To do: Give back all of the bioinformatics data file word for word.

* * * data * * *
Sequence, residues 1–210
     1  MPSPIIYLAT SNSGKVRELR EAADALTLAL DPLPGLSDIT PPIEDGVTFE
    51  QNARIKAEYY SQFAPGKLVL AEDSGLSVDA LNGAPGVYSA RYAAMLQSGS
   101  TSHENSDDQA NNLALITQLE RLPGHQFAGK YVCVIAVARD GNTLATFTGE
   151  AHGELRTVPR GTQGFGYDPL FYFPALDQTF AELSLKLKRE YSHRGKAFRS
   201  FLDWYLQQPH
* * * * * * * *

Sequence, residues 1–210
     1  MPSPIIYLAT SNSGKVRELR EAADALTLAL DPLPGLSDIT PPIEDGVTFE
    51  QNARIKAEYY SQFAPGKLVL AEDSGLSVDA LNGAPGVYSA RYAAMLQSGS
   101  TSHENSDDQA NNLALITQLE RLPGHQFAGK YVCVIAVARD GNTLATFTGE
   151  AHGELRTVPR GTQGFGYDPL FYFPALDQTF AELSLKLKRE YSHRGKAFRS
   201  FLDWYLQQPH